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Facebook’s Instagram announcement puts the Street to sleep

Published Jun 20th, 2013 2:25PM EDT
Facbeook Instagram Video Analysis

Facebook announced on Thursday that the photo-sharing social network, Instagram, is adding an option to take short, 15-second video clips that can then be modified with filters and shared on the social network. However, Wall Street isn’t terribly impressed by the announcement. The new feature will be available on both iOS and Android apps at once, and will come with 13 custom filters along with a stabilizing feature called Cinema. But it doesn’t address Facebook’s potential revenue potential for the 130 million monthly active users on Instagram. At least, not yet.

Instagram is an incredibly popular social network, with more than 130 million monthly active users, and over 1 billion likes every single day, CEO Kevin Systrom noted during the presentation. Brands such as Nike, Burberry and others are increasingly turning towards Instagram to show off their wears to consumers, but Instagram hasn’t capitalized on that just yet.

On Facebook’s most recent earnings call, CEO Mark Zuckerberg said he’s optimistic about the potential for Instagram as a business, but the social network isn’t quite there yet. “I am really optimistic about the business opportunity there too,” Zuckerberg said on the call. “You already have a lot of brands and folks who advertise with Facebook putting content in Instagram, getting huge engagement rates. So people are coming to us and asking for ways to make that even richer and it’s something that we’re thinking about.”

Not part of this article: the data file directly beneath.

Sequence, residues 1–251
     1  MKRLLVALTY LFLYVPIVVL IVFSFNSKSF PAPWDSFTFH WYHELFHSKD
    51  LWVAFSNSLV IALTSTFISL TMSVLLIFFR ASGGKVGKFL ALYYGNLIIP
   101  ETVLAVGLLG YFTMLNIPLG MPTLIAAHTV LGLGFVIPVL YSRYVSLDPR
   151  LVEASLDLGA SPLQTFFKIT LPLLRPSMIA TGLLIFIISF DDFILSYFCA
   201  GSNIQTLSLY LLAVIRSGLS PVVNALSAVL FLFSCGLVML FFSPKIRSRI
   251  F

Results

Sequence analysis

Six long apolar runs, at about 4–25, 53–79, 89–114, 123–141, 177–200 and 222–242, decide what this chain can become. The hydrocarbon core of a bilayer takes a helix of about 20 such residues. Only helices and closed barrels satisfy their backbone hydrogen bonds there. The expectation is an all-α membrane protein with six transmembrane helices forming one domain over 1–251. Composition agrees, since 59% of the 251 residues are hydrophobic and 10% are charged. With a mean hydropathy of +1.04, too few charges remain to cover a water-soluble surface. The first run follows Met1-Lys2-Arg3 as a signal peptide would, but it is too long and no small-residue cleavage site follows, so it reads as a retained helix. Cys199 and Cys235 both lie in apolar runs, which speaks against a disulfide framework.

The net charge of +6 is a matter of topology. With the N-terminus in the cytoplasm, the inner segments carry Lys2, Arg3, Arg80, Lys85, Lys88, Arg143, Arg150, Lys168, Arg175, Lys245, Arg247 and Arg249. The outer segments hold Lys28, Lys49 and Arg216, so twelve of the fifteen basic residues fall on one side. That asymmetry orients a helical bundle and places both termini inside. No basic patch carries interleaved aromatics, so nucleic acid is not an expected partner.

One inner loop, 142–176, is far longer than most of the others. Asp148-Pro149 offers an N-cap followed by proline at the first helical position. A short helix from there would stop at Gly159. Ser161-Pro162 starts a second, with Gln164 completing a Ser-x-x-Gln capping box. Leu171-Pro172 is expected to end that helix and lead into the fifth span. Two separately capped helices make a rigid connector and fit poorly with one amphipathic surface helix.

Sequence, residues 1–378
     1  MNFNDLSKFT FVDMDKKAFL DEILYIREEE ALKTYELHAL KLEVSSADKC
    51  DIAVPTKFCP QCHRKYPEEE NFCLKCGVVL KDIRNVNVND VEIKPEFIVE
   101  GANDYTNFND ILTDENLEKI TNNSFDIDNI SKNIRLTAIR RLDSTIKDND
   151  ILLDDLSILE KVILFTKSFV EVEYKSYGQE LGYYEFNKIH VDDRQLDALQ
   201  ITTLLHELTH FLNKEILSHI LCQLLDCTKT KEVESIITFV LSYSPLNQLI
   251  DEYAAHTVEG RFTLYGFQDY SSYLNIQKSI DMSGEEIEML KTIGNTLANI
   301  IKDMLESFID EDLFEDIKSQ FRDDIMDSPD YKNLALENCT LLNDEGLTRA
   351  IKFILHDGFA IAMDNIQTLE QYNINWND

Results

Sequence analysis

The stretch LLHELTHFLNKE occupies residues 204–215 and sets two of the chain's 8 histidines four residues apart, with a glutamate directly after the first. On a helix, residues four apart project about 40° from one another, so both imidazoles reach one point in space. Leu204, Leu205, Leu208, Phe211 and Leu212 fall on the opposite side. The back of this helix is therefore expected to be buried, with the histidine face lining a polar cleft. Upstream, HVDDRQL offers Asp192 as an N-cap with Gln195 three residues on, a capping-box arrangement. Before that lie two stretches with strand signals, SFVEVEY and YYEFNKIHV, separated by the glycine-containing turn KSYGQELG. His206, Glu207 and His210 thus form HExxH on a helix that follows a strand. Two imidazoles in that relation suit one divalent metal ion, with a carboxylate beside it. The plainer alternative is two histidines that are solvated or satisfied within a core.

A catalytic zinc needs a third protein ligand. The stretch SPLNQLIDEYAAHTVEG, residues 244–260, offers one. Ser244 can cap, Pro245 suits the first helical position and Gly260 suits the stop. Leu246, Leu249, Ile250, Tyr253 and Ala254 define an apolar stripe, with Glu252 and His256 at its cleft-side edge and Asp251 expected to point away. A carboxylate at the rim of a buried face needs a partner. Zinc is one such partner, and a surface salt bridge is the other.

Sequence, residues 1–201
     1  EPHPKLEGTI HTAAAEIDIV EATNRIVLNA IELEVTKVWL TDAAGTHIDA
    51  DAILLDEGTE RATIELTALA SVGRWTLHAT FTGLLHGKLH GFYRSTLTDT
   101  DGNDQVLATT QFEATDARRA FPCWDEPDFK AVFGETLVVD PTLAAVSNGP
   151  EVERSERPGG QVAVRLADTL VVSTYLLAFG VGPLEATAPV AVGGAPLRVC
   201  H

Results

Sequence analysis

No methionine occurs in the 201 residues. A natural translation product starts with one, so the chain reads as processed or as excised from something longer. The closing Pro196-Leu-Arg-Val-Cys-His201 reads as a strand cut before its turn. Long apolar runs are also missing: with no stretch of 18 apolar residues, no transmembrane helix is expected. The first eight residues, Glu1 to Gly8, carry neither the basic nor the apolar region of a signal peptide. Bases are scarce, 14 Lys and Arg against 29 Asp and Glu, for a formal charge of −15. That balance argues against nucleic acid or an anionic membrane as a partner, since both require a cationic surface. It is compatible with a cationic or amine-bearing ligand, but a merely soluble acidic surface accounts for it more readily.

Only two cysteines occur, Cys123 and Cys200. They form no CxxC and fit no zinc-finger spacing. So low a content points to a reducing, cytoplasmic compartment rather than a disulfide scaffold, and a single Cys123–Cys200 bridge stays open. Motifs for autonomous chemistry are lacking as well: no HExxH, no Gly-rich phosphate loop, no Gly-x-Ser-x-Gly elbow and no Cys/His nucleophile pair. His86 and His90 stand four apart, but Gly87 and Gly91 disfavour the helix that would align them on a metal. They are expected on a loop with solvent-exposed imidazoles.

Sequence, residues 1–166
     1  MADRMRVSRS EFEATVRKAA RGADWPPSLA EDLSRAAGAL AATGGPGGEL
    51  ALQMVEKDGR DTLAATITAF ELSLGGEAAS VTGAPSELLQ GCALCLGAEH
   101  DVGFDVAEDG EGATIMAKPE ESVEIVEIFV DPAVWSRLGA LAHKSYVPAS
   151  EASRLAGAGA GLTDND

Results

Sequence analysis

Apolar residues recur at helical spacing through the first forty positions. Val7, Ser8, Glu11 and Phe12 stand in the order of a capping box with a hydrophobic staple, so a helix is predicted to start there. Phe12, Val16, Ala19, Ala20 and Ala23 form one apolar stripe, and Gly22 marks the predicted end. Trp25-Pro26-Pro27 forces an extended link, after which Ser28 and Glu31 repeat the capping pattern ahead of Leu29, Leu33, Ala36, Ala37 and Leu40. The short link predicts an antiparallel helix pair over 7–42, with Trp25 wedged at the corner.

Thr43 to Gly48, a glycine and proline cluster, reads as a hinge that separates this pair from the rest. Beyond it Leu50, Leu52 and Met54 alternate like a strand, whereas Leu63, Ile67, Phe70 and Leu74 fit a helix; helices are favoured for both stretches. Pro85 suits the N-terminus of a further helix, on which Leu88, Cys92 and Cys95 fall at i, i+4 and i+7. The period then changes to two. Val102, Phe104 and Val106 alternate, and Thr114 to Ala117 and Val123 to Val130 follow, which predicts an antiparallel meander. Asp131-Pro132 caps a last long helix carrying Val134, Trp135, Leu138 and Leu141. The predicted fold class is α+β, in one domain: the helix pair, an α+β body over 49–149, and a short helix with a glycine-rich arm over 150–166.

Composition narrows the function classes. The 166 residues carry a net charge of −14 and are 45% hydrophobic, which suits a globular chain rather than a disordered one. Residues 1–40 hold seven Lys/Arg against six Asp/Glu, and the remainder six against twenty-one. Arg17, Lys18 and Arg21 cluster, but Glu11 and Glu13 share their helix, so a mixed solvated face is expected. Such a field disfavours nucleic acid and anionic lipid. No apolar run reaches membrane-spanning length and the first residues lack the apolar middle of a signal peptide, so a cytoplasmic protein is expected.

Facebook, and now Instagram, have made it a habit to release products to the market without any immediately apparent revenue potential. Wall Street has continued to vote against that, sending shares lower this year, down over 10%, versus a 12% gain in the Nasdaq.

Shares of Facebook slid more than 2% immediately following Thursday’s announcement.

Until that mindset changes and unless Facebook/Instagram demonstrate the ability to generate revenue from major new products, every product announcement will be met with the “dislike” button, rather than the “like” button.

Chris Ciaccia
Chris Ciaccia Contributing Writer

Chris Ciaccia contributes an expert business perspective to BGR. A former tech reporter at Fox News, Chris was also science and tech editor at the Daily Mail and previously was the tech editor at

Ciaccia has a bachelor’s degree in finance from Seton Hall University.